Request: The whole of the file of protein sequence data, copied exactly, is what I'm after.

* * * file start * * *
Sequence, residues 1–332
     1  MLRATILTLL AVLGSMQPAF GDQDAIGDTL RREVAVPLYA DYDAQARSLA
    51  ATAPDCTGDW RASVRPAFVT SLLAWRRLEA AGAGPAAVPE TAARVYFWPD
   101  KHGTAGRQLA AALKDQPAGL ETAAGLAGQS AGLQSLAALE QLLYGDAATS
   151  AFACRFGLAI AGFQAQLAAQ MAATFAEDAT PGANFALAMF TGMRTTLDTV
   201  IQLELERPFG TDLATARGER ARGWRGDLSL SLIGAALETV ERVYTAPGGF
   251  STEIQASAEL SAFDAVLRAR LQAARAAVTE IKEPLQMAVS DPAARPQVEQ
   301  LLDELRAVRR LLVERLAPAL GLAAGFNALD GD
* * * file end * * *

Sequence, residues 1–332
     1  MLRATILTLL AVLGSMQPAF GDQDAIGDTL RREVAVPLYA DYDAQARSLA
    51  ATAPDCTGDW RASVRPAFVT SLLAWRRLEA AGAGPAAVPE TAARVYFWPD
   101  KHGTAGRQLA AALKDQPAGL ETAAGLAGQS AGLQSLAALE QLLYGDAATS
   151  AFACRFGLAI AGFQAQLAAQ MAATFAEDAT PGANFALAMF TGMRTTLDTV
   201  IQLELERPFG TDLATARGER ARGWRGDLSL SLIGAALETV ERVYTAPGGF
   251  STEIQASAEL SAFDAVLRAR LQAARAAVTE IKEPLQMAVS DPAARPQVEQ
   301  LLDELRAVRR LLVERLAPAL GLAAGFNALD GD